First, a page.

Doesn't that apply to every official compelled to testify before Congress. One little problem, anyone who keeps their mouths shut could end up facing charges for misleading Congress like the latest Abramoff guy. And if they lie, well that's obvious. I doubt Congress issues subpoenas for officals they're hoping to learn something from considering the how well thats been going. They're building something here.

"Which path would you choose, were you in her shoes?"

Stupid question. Besides, I'm not in her shoes and I'm choosing a path for her- so what does it matter anyways.

Thanks bmaz for clarifying for everyone the difference between the attorney-client privilege and the deliberative- process privilege and the "executive" or "I am the king" privilege. The A-C doesn't apply to a government lawyer, at least not to the same degree. It is correct that a subpoena can compel testimony (or lead to contempt). I question whether the deliberative process covers discussions among underlings; doesn't the Pres actually need to be involved? In any event, Nixon largely lost the vast executive privilege.

Bush has always been a gambler, and now it's double-down time for him on so many fronts--the warrantless spying, the war, the ultra vires assertions of power etc. He can't back down on any of them or he looks weak and the Dems will smell blood in the water.

Look back at the situation before the Civil War. Not everything can be compromised. Some political problems just have to be faced and dealt with and this usurpation by the executive is one. I'm still afraid the war with Iran is waiting in the wings if these thugs can't be reined in.

There's a good post about the Addington letter to Kerry at Balkinization.

From http://balkin.blogspot.com/

"In his two-paragraph letter, Addington writes that the E.O. "makes clear" that the Vice President and President are to be treated alike, and "distinguishes the two of them from 'agencies.'" Since only "agencies" (defined broadly to include all "entities" within the executive branch) have a reporting obligation, Addington suggests that the President and the VP -- non-agencies -- do not."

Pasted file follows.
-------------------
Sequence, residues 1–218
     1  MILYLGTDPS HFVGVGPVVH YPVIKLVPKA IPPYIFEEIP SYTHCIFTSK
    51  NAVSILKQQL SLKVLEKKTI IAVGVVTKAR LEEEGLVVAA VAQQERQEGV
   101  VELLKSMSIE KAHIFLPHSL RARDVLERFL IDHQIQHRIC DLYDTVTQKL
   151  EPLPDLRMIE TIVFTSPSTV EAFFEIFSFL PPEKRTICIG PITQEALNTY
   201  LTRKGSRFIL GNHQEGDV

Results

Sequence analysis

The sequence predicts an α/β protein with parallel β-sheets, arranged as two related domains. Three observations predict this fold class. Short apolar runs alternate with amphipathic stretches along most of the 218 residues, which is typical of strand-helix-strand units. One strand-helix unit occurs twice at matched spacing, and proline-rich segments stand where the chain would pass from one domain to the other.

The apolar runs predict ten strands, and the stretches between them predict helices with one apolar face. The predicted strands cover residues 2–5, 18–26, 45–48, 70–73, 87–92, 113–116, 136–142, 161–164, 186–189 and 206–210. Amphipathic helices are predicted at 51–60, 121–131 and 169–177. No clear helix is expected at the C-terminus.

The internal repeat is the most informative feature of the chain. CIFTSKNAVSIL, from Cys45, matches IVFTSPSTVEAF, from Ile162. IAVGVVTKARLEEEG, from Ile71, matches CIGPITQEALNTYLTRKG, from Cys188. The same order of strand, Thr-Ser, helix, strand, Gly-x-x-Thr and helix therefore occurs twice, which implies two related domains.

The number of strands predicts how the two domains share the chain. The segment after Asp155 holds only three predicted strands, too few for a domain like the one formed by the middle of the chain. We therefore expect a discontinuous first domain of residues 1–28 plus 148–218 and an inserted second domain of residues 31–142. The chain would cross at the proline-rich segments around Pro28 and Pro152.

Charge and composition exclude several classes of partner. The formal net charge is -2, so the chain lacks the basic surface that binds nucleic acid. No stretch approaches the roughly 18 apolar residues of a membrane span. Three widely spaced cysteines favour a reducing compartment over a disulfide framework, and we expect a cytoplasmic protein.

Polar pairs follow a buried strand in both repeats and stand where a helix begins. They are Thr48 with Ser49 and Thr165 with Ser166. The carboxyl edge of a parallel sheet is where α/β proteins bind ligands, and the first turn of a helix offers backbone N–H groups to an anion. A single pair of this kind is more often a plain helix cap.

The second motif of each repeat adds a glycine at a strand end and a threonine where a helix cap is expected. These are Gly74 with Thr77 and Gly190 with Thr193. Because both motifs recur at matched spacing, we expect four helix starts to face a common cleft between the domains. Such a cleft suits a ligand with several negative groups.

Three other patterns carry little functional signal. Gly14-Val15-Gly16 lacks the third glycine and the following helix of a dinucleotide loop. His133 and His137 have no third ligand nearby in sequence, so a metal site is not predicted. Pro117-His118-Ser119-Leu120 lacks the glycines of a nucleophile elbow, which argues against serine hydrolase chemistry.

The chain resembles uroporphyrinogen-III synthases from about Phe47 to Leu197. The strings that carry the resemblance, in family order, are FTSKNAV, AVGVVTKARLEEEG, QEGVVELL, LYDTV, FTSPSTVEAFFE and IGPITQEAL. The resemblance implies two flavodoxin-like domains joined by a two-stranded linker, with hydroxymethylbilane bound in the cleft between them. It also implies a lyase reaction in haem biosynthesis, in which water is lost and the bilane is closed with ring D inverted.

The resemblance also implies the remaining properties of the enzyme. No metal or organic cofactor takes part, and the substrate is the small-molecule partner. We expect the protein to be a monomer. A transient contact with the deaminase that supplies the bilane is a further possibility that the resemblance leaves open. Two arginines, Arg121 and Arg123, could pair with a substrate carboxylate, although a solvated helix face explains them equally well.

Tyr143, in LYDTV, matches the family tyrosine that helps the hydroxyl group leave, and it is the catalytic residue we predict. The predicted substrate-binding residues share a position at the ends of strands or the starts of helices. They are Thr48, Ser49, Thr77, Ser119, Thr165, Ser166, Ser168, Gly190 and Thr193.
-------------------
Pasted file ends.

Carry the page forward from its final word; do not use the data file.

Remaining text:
Simply stated -they're saying Executive orders aren't binding on the President or Vice President; because without any express declaration, the Pres and VP are implicitly treated alike and implicitedly exempted from this Executive Order.

So I guess they're saying any compliance with this EOs is strictly voluntary.

Wonder if they'll argue other EOs carry the same implicit exemption?

The only way to seize the news cycle and ge the attention of the entire country is to arrest someone for contempt of court. I mean, news media are oblivious unless they get a picture of someone getting carted off in handcuffs. It is all about the visual, because these people are not into nuance. I think it should be Gonzales or Rove. But Addington would get the cameras down there, too.

Unfortunately, I am not sure our Democrats have the cajones to stand up and do what is right when it gets down to it. It would be great though!


first John Dean is nuts! Since I discovered his column through this blog incidentally, I have wondered how "shocked" he is since no one higher up than Libby has been indicted by Prosecutor Fitzgerald..

If he, Dean, is thinking of a Showdown at the OK Corral between 15 plainclothes cops from the Congress trying to grab Alberto, and the FBI, the Treasury, the Secret Service and finally the Armed Forces, there is no question who is coming out ahead.


Is Jodie always this delusional? Her argument is Coulteresque, so far from the actual subject at hand that she/he sounds craven.

If Congress issues a Contempt of Congress citation for Abu (one can hope...) somehow I don't see the FBI, the SS, or the Armed Forces coming to his rescue (let alone the Treasury lofl). Then again, this is merely a Constitutional right and we know what the neocons think of that goddamned piece of paper...

Indie Voter,

Yes. I agree with your "Coulteresque" characterization as well. I was watching the clip of Coulter interacting with Elizabeth Edwards on Hardball and realized the same thing. Our resident concern troll isn't as hateful as Coulter, but she displays that same facility for constantly distorting what others say to avoid having to make rational arguments.

Please encourage Congress to look at how illegally captured information was subsequently used: Other programs, and other efforts to target lawful US citizen behavior. [Hit link under "Anon" for details.]